In this regular column, longtime executive pastor and XPastor.org founder David Fletcher takes on readers’ questions about finances, staffing, communications, and more. Submit your questions using the subject line “Hey, Fletch” to email@example.com.
We are thinking about outsourcing the cleaning of our church facility. Do you have any data on the pros and cons, and the cost savings metrics? Have you surveyed executive pastors about this before?
We haven’t surveyed the XPastor
community on the outsourcing issue. However, I know a church that had a great experience with outsourcing its cleaning to a professional firm. The contract was for $225,000 annually to clean the entire facility. The company specialized in churches, so it understood the church’s culture and rhythms:
The company worked seamlessly in the background, night and day.
The campus sparkled—even older rooms were exceedingly clean. The company cleaned the restrooms during services so they always looked fresh.
It was the cleanest church that I have visited in a long time.
The company provided the church a high degree of finesse and specialization. Since the company served many large churches and schools, it was an expert. It took cleaning to a whole new level with annual and quarterly processes, such as special anti-bacterial applications. The staff were cleaning professionals, and the church did not have to re-invent the wheel on best practices.
As a comparison, I visited a government facility. The faucet in the restroom had lost all its chrome and was bare brass. I talked to the owner of the cleaning company about this. He said, “Rookie mistake. They used the wrong cleaner and scrubbed off all the brass.” As for the rest of the government center, it looked like amateurs cleaned it.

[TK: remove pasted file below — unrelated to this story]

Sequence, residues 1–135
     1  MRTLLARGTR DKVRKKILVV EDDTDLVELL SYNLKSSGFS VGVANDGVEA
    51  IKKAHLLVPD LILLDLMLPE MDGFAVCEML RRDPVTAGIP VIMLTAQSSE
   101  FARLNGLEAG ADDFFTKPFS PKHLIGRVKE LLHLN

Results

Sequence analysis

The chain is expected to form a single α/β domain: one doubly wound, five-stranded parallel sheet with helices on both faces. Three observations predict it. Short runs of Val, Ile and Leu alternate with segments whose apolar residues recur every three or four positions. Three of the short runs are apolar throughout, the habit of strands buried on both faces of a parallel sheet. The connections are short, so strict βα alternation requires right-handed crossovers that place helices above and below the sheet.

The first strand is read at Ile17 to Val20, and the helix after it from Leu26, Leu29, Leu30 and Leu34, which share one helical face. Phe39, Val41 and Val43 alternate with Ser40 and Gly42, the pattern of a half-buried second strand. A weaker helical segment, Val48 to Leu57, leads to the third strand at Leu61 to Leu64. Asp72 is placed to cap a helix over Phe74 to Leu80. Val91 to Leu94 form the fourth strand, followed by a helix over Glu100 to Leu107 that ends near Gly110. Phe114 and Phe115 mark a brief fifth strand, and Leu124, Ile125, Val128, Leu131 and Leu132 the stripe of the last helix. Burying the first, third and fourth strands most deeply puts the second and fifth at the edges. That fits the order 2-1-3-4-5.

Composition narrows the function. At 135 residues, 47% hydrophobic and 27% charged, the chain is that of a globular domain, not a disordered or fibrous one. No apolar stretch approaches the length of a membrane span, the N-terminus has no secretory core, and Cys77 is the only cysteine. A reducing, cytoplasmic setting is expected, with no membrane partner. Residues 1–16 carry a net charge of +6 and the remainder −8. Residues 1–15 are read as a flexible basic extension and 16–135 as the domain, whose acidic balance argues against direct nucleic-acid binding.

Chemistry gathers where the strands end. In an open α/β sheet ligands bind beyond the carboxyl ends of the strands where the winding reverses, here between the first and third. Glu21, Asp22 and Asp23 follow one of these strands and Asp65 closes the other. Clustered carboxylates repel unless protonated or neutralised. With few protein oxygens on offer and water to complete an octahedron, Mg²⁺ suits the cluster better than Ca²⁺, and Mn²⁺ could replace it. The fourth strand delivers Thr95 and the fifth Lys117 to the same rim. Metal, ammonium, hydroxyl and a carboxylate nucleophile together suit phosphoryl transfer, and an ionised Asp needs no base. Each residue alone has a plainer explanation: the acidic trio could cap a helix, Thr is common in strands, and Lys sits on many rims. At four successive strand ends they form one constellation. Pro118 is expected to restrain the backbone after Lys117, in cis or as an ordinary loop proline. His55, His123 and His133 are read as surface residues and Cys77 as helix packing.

The costs to outsource cleaning, of course, need consideration. The church that I visited was in a state with a high minimum wage. For our purposes, let’s consider the minimum wages of several places to see how much it would cost for a church to hire and pay staff members:
Washington, D.C: $12.50 an hour;
Washington: $11.50 an hour;
California: $11 an hour;
Massachusetts: $11 an hour;
Arizona: $10.50 an hour;
Vermont: $10.50 an hour;
New York: $10.40 an hour;
Colorado: $10.20 an hour.
Assuming a 2,080-hour work year, a church is looking at about $21,000 a year in wages for one staff member, plus FICA (more than $1,600) and benefits. The medical insurance alone could cost more than $14,000 per employee. In some cases, the medical insurance costs more than an employee’s annual wages.
So, let’s assume that the total wages would be $40,000 for one staff member. With a $225,000 cleaning budget, that would allow for 5½ workers. That might be enough people to clean a large, active church during the week, but that would not include weekends. Add in the costs the church would pay for the cleaning materials and equipment (by contrast, the outsourcing firm pays for those). Plus, the church would need a supervisor for those 5½ workers (meaning a church possibly saves money by reducing a full-time middle management position, plus all of the related time spent by human resources or another staff member or department to recruit, hire, and train a cleaning staff).
Going further, by having 5½ fewer employees, the church’s workers’ compensation
insurance becomes significantly lower, too. (Because of a higher accident rate compared to office workers, facility workers cost more in workers’ compensation premiums.)
Once all of these costs were factored in and compared with the $225,000 bid from the company, the church I visited estimated it actually saved about $80,000 to 120,000 a year using the company.
I suggest you get three competitive bids. Compare the bids to the total cost that the church spends on employees, equipment, supplies, and management. See if it makes economic sense to outsource the cleaning to professionals. In general, the math suggests it does.
David Fletcher has more than 35 years of experience as a pastoral leader in churches. In 2003, he founded XPastor, a resource website for executive pastors, and XP-Seminar, an annual church leadership conference.